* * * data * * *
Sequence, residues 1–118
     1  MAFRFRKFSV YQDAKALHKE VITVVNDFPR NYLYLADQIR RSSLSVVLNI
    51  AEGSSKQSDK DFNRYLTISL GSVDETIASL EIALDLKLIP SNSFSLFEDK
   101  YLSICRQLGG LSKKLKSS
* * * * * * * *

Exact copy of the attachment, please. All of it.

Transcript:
Sequence, residues 1–118
     1  MAFRFRKFSV YQDAKALHKE VITVVNDFPR NYLYLADQIR RSSLSVVLNI
    51  AEGSSKQSDK DFNRYLTISL GSVDETIASL EIALDLKLIP SNSFSLFEDK
   101  YLSICRQLGG LSKKLKSS